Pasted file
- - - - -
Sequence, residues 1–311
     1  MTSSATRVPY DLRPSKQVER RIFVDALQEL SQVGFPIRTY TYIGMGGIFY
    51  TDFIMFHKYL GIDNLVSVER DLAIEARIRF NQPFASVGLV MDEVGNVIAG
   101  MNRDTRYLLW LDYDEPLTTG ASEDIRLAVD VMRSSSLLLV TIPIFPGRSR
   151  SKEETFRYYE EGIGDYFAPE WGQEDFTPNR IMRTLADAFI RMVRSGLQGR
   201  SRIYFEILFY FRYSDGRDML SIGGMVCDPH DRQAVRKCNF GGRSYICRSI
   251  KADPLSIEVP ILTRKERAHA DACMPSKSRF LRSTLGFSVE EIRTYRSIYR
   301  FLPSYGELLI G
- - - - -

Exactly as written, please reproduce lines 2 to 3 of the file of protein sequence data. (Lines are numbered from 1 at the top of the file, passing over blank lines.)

     1  MTSSATRVPY DLRPSKQVER RIFVDALQEL SQVGFPIRTY TYIGMGGIFY
    51  TDFIMFHKYL GIDNLVSVER DLAIEARIRF NQPFASVGLV MDEVGNVIAG